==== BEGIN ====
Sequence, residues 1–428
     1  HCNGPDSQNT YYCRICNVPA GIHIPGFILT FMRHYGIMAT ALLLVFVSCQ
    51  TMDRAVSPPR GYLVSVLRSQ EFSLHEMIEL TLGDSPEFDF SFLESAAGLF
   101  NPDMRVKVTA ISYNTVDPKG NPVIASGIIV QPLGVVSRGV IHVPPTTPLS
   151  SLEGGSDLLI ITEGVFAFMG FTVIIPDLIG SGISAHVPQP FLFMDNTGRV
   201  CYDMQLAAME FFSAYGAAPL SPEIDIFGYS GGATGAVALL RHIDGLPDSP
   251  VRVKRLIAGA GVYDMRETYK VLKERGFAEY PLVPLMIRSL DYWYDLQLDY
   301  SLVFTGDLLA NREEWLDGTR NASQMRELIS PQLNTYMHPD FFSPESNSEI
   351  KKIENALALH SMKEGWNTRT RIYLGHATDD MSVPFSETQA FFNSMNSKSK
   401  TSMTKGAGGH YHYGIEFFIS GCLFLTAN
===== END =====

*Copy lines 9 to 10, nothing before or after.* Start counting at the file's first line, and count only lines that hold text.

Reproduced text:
   351  KKIENALALH SMKEGWNTRT RIYLGHATDD MSVPFSETQA FFNSMNSKSK
   401  TSMTKGAGGH YHYGIEFFIS GCLFLTAN